The flier then delineates the "7 Ways" the Magazine helps its
readers "Do Everything Even Better." The seven areas of
interest, each further amplified by its own descriptive
paragraph, are: Fashion and Beauty; Contemporary Living; Health
& Well-Being; Family & Relationships; Business & Finance;
Personalities; and Fantastic Features. The only reference to
"entertainment" appears in the text accompanying category 6,
"Personalities." That text reads:
Thus, in a flier intended to tell perspective subscribers about
the Magazine, ECI lists "entertainment" (which includes art
forms other than musical entertainment) in a category captioned
"personalities," where entertainment exists cheek by jowl with
those other heavily populated worlds known as "politics" and
A. Can I see it?
Q. Do you remember giving that testimony?
Counsel for plaintiff turned to that subject at the beginning
of his re-direct examination:
This testimony, particularly that elicited during the
examination before trial, is not entirely clear: as, for
example, the response: "If I was ever introduced the first
time, yes." The most I can make of this testimony is that some
people, in conversations with Hutchinson, mentioned ESSENCE
Magazine. However, during Hutchinson's examination before trial
counsel for ECI apparently did not pursue any details about
these conversations: who the people conversing with Hutchinson
were, where, when, or in what circumstances. This lack of
detail dilutes the probative value of the evidence as
demonstrating actual confusion. Compare Lobo Enterprises, Inc.
v. Tunnel, Inc., supra at 74-75, 77 (in absence of detail
concerning declarants and in the circumstances of their
declarations, "only sheer speculation" would permit an
inference of actual confusion). On the other side of the
equation, Hutchinson testified that no one asked her whether
she worked with or was associated with ESSENCE Magazine in any
way. I found Hutchinson to be a credible witness and accept
The second anecdotal instance of actual confusion relied upon
by ECI is said to lie in Harris's deposition testimony at Tr.
70. Harris said that Saddler came to see him and played
Hutchinson's demonstration recordings, which Harris liked. He
Q. Did he tell you her name?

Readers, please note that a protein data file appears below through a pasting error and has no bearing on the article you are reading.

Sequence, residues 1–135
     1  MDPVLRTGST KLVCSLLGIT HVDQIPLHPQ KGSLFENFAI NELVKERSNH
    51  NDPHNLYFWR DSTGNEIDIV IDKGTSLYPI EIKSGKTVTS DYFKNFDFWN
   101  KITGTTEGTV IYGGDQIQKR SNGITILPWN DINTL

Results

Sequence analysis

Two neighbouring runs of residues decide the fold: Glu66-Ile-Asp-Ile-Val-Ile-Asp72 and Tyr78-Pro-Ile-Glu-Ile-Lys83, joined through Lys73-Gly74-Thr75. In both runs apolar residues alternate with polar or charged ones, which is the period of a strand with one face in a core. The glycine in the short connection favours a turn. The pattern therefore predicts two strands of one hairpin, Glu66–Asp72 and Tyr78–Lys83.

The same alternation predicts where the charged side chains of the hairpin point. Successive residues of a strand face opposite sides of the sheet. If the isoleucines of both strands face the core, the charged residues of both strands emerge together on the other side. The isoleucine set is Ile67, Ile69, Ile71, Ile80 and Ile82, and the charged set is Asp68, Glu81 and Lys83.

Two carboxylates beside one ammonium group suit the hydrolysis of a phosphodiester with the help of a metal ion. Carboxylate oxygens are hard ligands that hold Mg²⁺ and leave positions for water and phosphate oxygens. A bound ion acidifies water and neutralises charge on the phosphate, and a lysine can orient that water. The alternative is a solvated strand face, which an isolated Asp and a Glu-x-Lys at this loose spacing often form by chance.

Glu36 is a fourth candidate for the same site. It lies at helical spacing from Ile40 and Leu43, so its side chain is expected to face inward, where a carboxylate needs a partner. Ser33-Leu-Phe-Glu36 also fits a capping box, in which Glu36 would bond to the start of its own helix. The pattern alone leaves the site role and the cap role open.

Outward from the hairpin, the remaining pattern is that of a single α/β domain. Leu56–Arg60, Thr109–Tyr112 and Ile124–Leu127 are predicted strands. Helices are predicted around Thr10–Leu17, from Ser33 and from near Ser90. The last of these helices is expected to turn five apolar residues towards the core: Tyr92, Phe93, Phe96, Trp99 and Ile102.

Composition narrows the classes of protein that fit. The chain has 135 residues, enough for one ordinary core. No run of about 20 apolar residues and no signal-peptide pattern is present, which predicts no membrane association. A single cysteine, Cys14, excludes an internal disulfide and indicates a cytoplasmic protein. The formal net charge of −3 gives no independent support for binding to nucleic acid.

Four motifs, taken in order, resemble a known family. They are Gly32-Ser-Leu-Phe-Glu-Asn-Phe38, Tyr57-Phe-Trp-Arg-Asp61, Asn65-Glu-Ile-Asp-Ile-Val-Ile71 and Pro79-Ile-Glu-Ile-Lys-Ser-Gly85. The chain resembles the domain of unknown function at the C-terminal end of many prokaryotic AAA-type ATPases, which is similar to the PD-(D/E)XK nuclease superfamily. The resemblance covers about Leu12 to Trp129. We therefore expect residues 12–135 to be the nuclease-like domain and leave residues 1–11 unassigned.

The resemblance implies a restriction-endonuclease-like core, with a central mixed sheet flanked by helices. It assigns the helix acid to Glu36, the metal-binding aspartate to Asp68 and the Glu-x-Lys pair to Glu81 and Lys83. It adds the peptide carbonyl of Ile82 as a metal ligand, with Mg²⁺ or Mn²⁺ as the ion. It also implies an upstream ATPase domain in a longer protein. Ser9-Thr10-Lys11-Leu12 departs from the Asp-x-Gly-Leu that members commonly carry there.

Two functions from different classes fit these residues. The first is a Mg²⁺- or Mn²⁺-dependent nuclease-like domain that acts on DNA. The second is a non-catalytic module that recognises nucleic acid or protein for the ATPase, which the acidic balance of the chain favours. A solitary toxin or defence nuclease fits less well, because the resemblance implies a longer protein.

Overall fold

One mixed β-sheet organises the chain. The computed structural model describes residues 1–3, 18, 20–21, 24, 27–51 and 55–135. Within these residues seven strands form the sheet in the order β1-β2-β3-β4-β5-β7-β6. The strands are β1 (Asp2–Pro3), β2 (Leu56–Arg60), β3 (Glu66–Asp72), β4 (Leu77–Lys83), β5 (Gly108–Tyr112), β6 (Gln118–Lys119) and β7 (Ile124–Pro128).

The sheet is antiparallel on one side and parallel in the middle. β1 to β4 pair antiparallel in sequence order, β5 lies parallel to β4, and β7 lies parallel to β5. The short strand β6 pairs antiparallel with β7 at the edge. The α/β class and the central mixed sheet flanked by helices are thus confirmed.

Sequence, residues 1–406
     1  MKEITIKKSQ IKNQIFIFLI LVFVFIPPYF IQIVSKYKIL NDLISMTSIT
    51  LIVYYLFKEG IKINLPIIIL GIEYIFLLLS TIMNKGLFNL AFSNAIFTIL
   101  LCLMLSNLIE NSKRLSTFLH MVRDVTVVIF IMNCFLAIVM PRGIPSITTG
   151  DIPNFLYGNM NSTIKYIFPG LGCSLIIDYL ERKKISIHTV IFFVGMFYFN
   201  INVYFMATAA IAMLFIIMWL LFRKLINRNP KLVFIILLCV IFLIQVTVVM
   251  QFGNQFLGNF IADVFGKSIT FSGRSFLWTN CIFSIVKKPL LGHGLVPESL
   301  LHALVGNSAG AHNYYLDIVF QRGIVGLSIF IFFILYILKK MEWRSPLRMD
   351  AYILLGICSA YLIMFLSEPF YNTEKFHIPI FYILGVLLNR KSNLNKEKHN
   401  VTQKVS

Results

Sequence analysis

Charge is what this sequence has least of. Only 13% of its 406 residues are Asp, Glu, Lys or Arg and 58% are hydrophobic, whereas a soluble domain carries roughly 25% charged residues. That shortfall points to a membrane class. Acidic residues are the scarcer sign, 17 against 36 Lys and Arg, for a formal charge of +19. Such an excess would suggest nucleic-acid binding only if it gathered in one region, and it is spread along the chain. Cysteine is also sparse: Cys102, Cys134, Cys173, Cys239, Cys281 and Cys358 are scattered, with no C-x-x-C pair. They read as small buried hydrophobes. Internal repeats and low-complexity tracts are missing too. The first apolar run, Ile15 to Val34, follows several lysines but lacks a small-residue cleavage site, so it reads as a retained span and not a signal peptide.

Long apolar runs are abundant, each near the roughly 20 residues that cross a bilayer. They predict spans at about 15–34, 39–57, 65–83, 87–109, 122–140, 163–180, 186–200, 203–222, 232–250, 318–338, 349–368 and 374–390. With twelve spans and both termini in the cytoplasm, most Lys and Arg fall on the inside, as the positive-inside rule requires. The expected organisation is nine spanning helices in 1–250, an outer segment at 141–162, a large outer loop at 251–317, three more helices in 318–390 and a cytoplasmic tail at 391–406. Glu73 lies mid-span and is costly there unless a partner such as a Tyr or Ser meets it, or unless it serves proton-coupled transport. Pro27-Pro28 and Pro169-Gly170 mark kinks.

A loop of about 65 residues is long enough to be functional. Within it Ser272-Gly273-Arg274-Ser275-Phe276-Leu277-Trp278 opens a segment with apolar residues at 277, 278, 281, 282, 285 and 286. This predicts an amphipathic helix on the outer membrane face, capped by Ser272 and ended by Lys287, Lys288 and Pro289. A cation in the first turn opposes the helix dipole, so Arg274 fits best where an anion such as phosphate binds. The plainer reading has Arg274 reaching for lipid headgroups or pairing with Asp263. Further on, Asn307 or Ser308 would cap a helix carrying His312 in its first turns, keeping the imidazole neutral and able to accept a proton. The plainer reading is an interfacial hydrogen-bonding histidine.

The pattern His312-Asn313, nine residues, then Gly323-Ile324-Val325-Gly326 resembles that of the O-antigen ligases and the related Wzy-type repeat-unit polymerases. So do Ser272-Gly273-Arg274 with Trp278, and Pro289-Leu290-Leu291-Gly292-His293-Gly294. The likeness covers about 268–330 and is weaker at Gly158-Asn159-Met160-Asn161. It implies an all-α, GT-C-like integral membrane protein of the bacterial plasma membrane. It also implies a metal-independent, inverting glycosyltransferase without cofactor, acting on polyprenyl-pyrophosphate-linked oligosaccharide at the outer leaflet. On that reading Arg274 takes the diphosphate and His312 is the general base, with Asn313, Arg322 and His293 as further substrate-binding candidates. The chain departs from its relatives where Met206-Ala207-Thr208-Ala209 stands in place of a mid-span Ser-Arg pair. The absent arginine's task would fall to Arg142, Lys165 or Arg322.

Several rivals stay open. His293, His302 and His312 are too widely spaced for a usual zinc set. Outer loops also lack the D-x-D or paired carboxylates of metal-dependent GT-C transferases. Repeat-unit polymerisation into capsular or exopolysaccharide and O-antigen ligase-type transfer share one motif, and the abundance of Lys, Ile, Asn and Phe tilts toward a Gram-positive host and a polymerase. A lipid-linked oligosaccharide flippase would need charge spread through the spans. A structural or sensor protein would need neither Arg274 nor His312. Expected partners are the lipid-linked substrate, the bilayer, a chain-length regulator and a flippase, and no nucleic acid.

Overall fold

Q. Did he tell you her name was Essence?
ECI relies on laconic response.
A. Anyone like who?
A. I don't think so.
Q. I mean any member of the public?
A. I don't think so.
Q. Any member of the trade?
A. I don't think so.
While plaintiff's stage name ESSENCE caused Harris to "think
about" ESSENCE Magazine, the content or direction of that
thought were not further explored; and no member of the public
or trade asked Harris (who was promoting Hutchinson) whether
the singer was associated or connected with the Magazine. This
is not compelling evidence of actual confusion.
As for Johnson, the RARE ESSENCE singing group's executive,
he testified at deposition that in March 1991 he saw a copy of
Billboard Magazine containing an advertisement for "New Jack
City" which included the singer ESSENCE as a performer. Johnson
telephoned his attorney to inquire "if ESSENCE Magazine had
anything to do with the rap artist," because "they have the
exact same name, so I thought maybe that they sponsored them."
Tr. 73. That is some anecdotal evidence of actual confusion on
Johnson's part, but it significantly diluted by the fact that
he had been engaged in prolonged negotiations with ECI with
respect to the RARE ESSENCE license at the time he saw the
advertisement in question. Johnson testified that "to a certain
extent" his negotiation with the magazine was a factor in his
concluding that there might be a connection between the
magazine and the singer. Prior to entering into a license
agreement with RARE ESSENCE, ECI pursued the music group with
the threat of an infringement action. In those circumstances,
Johnson testified: "because by the name Essence being Essence,
I figured that you all had something to do with her when you
came after us for having RARE ESSENCE. We had to put
stipulations on, you know, using RARE ESSENCE, so I figured
ESSENCE was your rapper or your artist." Dep.Tr. 75.
Given this unique set of circumstances, Johnson cannot be
regarded as a typical consumer of Hutchinson's product.
At trial, plaintiffs objected strenuously to the admission of
defendant's survey, challenging it as unreliable on a number of
the above grounds. However, because the trial was not before a
jury, I followed the approach adopted by Judge Glasser in
Toys R Us, Inc., supra, and by myself in Inc. Publishing Corp.,
supra. I admitted the evidence, but will now determine how much
weight, if any, it merits.
Plaintiffs object to the survey on four grounds: they allege